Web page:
A bill banning the sale of shark fins in New Jersey waters has advanced in the state Legislature.
On Monday, the Senate Energy and Environment Committee unanimously passed bill S2905, which prohibits the possession and sale of shark fins. Sponsored by Assemblyman Troy Singleton, D-Burlington, the bill is meant to prevent New Jersey from contributing to the international shark fin trade.
Shark finning, seen in some Asian countries, is a practice in which fishermen pull sharks out of the water, slice their fins off and discard them back into the sea alive but unable to swim. The fins are used to make shark-fin soup, a Chinese delicacy.
"The goal is not to interfere with legal shark fishing but to not participate in the importation of shark fins that disregard where or how the fins were obtained," said Alea Couch, policy coordinator for Singleton.
Environmental groups say it has contributed to a decline in the shark population over past few decades. According to estimates published in the Marine Policy Journal, 100 million sharks are killed each year.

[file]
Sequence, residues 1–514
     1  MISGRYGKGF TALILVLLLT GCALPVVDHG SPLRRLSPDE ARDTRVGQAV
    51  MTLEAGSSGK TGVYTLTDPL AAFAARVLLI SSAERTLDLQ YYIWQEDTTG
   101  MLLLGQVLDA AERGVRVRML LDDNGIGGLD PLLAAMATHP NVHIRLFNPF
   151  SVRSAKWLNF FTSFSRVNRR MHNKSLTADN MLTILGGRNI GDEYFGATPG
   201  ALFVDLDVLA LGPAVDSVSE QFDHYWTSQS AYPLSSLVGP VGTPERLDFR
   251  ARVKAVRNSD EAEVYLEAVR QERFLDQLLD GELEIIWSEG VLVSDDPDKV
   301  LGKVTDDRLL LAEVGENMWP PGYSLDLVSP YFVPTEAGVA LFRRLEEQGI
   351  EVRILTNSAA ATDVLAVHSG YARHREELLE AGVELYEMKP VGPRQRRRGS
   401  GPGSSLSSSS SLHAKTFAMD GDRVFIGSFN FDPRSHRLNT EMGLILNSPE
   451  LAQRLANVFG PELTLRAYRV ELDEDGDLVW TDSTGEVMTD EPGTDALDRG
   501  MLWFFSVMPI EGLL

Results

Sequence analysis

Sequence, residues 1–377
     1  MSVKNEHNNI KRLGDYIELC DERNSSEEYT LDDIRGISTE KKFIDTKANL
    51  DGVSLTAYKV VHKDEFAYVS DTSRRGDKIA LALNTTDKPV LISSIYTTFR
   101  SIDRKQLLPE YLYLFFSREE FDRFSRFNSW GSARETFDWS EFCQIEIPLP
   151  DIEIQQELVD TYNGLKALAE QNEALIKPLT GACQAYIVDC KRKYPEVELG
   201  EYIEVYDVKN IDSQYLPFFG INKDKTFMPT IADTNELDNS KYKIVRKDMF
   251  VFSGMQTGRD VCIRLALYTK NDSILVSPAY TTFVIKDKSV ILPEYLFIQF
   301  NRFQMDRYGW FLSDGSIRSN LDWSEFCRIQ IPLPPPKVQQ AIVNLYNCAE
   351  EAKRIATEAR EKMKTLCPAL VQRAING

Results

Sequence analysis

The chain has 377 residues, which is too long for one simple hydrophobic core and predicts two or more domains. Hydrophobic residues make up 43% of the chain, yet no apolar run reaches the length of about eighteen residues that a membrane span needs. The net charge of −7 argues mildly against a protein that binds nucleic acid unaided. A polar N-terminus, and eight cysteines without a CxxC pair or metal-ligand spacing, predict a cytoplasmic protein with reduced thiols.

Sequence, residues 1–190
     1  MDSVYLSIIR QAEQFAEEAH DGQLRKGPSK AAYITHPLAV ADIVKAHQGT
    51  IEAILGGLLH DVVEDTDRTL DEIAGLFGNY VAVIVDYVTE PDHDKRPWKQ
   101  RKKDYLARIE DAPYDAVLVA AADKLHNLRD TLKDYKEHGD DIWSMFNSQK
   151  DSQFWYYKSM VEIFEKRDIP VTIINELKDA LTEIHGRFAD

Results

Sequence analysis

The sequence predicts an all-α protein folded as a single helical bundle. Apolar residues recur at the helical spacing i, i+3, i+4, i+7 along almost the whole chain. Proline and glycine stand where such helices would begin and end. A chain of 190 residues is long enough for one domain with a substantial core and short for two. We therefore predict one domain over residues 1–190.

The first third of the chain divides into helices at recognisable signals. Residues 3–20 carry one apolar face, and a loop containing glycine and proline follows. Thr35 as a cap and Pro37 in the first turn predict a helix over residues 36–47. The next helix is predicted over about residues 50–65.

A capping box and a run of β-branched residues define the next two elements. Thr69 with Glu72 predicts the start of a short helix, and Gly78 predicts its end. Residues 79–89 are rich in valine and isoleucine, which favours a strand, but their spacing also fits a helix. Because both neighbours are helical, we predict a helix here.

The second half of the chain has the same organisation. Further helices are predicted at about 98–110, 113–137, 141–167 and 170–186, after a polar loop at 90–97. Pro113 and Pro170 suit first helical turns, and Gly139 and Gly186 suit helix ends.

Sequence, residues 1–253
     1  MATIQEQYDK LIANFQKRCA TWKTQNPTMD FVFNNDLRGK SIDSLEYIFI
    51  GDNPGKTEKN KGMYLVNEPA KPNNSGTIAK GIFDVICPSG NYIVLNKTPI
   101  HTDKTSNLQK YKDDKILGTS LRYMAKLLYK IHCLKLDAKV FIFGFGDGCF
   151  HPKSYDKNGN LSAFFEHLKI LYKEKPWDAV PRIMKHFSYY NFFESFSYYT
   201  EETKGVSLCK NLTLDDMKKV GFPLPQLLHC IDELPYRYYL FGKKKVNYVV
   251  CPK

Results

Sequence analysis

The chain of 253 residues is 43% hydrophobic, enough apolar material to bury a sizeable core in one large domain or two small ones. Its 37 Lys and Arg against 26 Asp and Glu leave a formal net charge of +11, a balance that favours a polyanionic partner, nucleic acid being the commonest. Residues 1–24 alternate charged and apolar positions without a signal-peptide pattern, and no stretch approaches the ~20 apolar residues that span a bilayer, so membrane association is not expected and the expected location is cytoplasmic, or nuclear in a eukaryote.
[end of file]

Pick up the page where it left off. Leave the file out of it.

"The shark population has been decimated," said New Jersey Sierra Club Director Jeff Tittel. "This bill will help end practice of shark finning that endangers the species."
Laws passed by Congress have already banned shark finning in federal waters, Tittel said, but this bill would end the practice in state waters, too. Fishermen in the area are still involved in the import and export of shark fins, he said.
A few local eateries over the years have served shark-fin soup, including the former Atlantic City Hilton Casino Resort and Trump Taj Mahal Casino Resort, according to previous food reviews in The Press of Atlantic City.
In 2013, a petition to stop Trump Taj Mahal from selling the soup garnered nearly 2,000 signatures.
Sen. Cory Booker last year introduced a bill in Congress to close loopholes in federal legislation from 2000 and 2010 banning shark finning.